The group Razor 1911 rose to prominence during the '80's. Their #1 target was the IBM PC compatible family of computers. They made no secret of cracking software for the Commodore 64, Amiga PC, and other systems. They were key players in Operation Fastlink, a low-profile operation that shut down over thirty bulletin board systems in Europe in 1988. The FBI and other US law enforcement agencies questioned a number of people involved in this operation including the founder and president, Henrik Rafaelsen. In 1989 he was charged with conspiracy to distribute unauthorized software and other charges. The publicity and media attention the operation caused would have significant consequences for the burgeoning crack scene. The defense's case would become the subject of the court case United States v. Tordoff and Tordoff. This was the trial of two people who ran Razor 1911: Henrik Rafaelsen's brother, Michael. The defendants were found guilty on all counts.
They also claimed that HMAC was a "vulnerability," and when they cracked a game, they didn't claim the game was "cracked" but only that their HMAC proved the game to have a vulnerability. This was an argument that gained popular support in the community, although in the end it was Gamasutra who wrote the best summation of the Razor story: “The HMAC argument is that games are not the kind of product for which a user has a reasonable expectation that the seller will deliver what the user thinks is the intended product. The cracked software says nothing about the product as intended, only that it doesn’t work as it was intended to. According to the argument, because the promise of the product is not kept, there is no breach of contract, and real damages cannot be proven.”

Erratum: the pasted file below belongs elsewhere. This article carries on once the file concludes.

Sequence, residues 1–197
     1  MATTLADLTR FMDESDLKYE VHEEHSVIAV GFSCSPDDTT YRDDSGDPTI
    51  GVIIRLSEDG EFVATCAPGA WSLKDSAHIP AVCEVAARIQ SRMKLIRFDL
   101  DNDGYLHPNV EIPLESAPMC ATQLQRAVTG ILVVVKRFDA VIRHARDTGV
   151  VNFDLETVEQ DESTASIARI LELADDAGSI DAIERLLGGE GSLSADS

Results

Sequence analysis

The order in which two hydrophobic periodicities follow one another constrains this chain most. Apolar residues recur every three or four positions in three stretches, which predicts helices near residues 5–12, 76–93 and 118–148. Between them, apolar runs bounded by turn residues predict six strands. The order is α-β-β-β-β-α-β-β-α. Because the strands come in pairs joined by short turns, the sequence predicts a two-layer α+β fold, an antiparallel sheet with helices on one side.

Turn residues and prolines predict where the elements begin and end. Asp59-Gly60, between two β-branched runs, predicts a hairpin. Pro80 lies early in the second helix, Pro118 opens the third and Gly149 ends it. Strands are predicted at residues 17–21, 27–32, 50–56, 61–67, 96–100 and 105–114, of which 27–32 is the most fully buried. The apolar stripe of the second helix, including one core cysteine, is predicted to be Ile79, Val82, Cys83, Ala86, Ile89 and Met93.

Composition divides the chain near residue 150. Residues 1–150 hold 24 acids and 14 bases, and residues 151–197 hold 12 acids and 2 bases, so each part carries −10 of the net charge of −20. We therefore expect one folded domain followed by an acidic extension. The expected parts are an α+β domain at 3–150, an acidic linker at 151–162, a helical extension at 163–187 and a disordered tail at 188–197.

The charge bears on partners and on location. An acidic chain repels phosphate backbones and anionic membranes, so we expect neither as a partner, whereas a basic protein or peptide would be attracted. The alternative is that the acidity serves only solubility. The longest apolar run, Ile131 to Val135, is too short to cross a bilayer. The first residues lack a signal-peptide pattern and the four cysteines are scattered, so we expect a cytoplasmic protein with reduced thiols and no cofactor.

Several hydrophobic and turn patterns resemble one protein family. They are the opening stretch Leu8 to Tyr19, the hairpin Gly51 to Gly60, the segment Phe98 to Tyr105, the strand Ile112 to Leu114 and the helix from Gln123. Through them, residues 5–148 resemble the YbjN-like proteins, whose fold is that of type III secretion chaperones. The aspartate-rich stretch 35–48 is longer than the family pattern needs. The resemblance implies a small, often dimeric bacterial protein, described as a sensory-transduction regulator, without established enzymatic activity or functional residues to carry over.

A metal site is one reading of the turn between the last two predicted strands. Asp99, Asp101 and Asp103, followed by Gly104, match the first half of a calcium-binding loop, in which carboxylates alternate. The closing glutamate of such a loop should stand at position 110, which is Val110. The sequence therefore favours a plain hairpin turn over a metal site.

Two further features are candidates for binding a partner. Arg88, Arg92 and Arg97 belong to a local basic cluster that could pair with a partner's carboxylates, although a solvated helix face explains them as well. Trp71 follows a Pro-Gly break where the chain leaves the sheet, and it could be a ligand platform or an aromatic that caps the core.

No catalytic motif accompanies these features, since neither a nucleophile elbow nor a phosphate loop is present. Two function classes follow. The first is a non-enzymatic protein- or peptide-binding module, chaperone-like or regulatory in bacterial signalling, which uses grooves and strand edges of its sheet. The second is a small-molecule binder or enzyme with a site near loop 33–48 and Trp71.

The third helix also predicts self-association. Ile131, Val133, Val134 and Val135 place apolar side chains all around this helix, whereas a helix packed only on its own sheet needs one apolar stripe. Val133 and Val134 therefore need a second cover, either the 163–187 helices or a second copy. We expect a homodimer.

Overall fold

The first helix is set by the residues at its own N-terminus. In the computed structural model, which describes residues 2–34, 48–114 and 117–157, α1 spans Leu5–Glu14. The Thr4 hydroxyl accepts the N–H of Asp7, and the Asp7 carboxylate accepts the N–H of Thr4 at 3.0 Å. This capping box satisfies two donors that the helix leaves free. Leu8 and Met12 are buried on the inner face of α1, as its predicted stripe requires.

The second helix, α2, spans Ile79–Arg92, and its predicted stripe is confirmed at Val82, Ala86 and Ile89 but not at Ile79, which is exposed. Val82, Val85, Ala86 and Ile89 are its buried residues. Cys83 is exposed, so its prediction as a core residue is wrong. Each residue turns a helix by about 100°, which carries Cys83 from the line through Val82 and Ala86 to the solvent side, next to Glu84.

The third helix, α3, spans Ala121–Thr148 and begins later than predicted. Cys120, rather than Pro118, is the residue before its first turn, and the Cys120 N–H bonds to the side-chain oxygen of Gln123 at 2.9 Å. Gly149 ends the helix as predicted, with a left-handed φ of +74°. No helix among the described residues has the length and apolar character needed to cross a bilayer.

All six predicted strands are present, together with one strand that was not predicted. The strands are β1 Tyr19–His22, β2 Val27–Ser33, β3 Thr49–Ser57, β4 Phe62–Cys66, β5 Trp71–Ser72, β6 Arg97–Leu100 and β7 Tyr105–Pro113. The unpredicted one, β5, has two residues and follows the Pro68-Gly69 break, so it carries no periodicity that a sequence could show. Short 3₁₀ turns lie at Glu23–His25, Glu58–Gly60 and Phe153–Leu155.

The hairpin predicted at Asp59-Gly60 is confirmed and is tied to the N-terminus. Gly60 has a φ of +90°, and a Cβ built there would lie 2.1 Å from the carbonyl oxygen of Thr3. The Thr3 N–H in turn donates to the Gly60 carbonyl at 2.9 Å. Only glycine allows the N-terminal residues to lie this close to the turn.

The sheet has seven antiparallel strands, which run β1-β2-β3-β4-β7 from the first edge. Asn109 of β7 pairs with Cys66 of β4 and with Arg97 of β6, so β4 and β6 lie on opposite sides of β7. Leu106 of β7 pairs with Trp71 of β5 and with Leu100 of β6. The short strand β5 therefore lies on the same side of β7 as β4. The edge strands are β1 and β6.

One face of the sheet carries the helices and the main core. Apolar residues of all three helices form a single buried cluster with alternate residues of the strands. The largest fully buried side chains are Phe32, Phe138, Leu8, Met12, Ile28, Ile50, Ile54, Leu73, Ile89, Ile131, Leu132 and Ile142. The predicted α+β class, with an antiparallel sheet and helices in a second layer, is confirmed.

In 2004, they released all the assets of a mini sim game, available for download in the form of a.zip file here http://whitedox.net/game/index-2.zip. It was listed on the Ubisoft website, even though it was only the assets of a title that never got released. d2c66b5586